June 24, 2017
June 24, 2017
June 28, 2017
Ethics is a vital component and compass to any profession. In the engineering, the importance of ethics has been stressed in the recent years more than ever. While the state licensure bodies monitor the professional conduct of the engineers, professional engineering bodies like NSPE, ASCE and AAEES insist and expect their members have good moral character and ethical integrity.
This professional requirement calls the engineering educators develop the engineering curriculum enriched with ethics and professionalism. However, given the allowable course credit hours for a four year program and the considerable number of general education courses, engineering prerequisites and engineering courses, it is always challenging to offer an individual course on topics of ethics and professional conduct.
This presentation summarizes a three-year period of efforts and intended future plans to enhance the ethics and professionalism related topics in the curriculum of a relatively new undergraduate program in Environmental Engineering.
This environmental engineering curriculum in its original form focused on introducing professionalism primarily through one-credit hour per semester course, Environmental Professional Seminar. In this course, the guest speakers from industry and academia presented on various topics including technology, management, legislation and research. The students were assessed with the reviews of these talks.
However, the instructors felt more on formal teaching and practice on ethics and professional conduct needed to raise the awareness in accordance with ABET Student Outcome-f and professional body expectations. They also felt it was needed more than one course to achieve this goal.
The actions were taken mainly by reformulating the course, Environmental Professional Seminar, by infusing ethics and professionalism related components into other courses such as Environmental Engineering Senior Capstone Design I and II, and by other venues such as internship and undergraduate research.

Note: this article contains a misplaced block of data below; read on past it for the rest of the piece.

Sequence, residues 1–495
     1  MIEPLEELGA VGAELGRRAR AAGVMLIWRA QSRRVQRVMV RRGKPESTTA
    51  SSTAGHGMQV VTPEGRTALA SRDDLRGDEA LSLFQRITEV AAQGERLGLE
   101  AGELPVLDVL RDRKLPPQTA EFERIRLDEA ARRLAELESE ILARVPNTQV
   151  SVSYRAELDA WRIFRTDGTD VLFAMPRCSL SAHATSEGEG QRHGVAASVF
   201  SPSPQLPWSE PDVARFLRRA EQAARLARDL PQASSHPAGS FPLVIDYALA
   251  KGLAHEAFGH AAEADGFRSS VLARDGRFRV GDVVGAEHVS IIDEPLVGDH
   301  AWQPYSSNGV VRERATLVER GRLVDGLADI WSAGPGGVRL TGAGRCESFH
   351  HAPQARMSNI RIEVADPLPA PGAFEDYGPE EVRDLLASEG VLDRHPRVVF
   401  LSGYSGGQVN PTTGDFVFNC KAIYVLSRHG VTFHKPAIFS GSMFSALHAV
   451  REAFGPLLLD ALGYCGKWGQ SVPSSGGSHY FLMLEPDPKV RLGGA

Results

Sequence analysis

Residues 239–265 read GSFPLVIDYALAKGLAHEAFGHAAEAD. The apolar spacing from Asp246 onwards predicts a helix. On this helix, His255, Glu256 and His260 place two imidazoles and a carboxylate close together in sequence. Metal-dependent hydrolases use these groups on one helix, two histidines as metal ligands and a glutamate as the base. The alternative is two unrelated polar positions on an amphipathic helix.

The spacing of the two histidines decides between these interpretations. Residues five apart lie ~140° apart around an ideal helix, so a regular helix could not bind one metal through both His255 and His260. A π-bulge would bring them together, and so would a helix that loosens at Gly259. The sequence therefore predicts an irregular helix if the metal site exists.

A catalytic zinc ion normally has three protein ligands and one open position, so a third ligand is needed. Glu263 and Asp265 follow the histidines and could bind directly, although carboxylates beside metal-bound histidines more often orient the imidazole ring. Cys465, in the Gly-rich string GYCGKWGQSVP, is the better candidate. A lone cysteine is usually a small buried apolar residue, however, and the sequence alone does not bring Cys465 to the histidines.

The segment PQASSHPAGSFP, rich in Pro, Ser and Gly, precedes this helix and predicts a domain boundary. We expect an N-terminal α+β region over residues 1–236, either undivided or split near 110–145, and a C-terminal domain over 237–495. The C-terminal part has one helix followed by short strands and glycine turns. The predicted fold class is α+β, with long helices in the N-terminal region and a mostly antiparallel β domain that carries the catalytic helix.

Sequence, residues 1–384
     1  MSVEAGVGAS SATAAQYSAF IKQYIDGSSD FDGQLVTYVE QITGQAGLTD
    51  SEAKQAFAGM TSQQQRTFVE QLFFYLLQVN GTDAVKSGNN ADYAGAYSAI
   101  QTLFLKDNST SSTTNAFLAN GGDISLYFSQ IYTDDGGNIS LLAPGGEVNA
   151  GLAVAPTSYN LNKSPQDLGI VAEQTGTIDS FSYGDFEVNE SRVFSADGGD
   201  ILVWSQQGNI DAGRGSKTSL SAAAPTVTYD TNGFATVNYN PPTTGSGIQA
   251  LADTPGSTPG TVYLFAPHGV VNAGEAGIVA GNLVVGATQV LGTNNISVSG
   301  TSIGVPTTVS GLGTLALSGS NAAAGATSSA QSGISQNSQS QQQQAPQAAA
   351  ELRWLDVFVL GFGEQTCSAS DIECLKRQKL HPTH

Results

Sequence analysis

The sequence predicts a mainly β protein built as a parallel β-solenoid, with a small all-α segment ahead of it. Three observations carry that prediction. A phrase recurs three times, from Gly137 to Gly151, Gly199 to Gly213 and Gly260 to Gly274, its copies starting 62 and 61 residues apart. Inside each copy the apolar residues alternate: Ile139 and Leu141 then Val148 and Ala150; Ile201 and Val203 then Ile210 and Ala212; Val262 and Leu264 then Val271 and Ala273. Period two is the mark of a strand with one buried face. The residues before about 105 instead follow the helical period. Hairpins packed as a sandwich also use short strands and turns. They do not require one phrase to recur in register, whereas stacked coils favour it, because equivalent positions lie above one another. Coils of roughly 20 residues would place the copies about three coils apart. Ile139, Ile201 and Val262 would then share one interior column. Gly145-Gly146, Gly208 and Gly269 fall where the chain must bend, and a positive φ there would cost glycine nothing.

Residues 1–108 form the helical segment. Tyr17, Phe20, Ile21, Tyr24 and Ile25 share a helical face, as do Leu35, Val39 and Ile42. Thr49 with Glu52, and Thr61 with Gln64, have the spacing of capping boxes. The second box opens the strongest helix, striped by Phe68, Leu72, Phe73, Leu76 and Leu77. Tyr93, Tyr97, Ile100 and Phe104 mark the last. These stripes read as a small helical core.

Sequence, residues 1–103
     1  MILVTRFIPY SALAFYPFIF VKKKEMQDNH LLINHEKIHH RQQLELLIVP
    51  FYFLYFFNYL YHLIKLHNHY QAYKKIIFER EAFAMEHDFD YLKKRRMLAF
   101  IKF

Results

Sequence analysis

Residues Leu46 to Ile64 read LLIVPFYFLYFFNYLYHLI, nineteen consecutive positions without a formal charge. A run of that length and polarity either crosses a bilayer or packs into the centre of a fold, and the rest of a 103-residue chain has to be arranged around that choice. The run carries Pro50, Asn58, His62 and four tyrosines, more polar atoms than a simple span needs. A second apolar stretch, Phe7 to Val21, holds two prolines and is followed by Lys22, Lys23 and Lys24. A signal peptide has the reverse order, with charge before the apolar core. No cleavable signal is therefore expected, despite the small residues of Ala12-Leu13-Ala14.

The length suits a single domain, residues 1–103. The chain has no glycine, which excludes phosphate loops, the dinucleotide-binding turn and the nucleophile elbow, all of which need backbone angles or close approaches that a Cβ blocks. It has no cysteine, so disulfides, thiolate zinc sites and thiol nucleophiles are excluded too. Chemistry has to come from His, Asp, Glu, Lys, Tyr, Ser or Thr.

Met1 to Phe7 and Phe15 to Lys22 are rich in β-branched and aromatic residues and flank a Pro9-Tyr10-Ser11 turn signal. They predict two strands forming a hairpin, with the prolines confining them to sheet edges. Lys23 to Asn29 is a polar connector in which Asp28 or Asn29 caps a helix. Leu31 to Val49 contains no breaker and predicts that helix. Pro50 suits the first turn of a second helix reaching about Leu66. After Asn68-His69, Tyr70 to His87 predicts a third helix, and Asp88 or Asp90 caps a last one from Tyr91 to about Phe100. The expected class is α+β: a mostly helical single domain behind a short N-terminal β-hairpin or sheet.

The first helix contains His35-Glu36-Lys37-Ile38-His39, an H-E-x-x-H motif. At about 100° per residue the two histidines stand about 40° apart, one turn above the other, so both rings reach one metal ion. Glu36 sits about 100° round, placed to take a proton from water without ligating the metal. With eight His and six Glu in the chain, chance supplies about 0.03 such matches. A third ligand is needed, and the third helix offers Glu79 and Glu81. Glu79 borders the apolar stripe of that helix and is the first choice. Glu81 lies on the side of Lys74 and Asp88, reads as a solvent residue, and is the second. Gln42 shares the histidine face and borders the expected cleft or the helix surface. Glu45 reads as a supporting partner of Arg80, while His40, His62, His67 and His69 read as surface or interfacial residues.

In addition to the guest talks, Environmental Professional Seminar had subsequently introduced formal topics on professional engineering societies and their codes of ethics, discussion on case studies on ethics and professional conduct and reviews of contemporary ethical issues in engineering. They were assessed with the reviews, case study analysis and examinations on these topics. In addition, this course was also used in assessing the improvement in the ABET-Student Outcome-f in two consequent cycles.
The courses Environmental Engineering Senior Capstone Design I and II were used to enhance the student experience on professional conduct, especially on managing time sensitive projects. Summer internship provides the students opportunities to learn the ethics and professional conduct from the industry itself. While occasional feedback from students’ industry mentors are useful for assessment, this process is yet to be adapted for every student. Students who do undergraduate research are expected to pass an online training course, Responsible Conduct of Research for Engineers provided by a third party. While this is useful in learning ethics and professional conduct, not all the environmental engineering students do undergraduate research.
In the future, to further enhance the knowledge of ethics and professional conduct, summer internship feedback and the Responsible Conduct of Research for Engineers training will be made mandatory for the environmental students.
Kandiah, R., & Nedunuri, K. K. V., & Zhang, N. (2017, June), Incorporating Ethics and Professionalism into Environmental Engineering Curriculum Paper presented at 2017 ASEE Annual Conference & Exposition, Columbus, Ohio. 10.18260/1-2--28508
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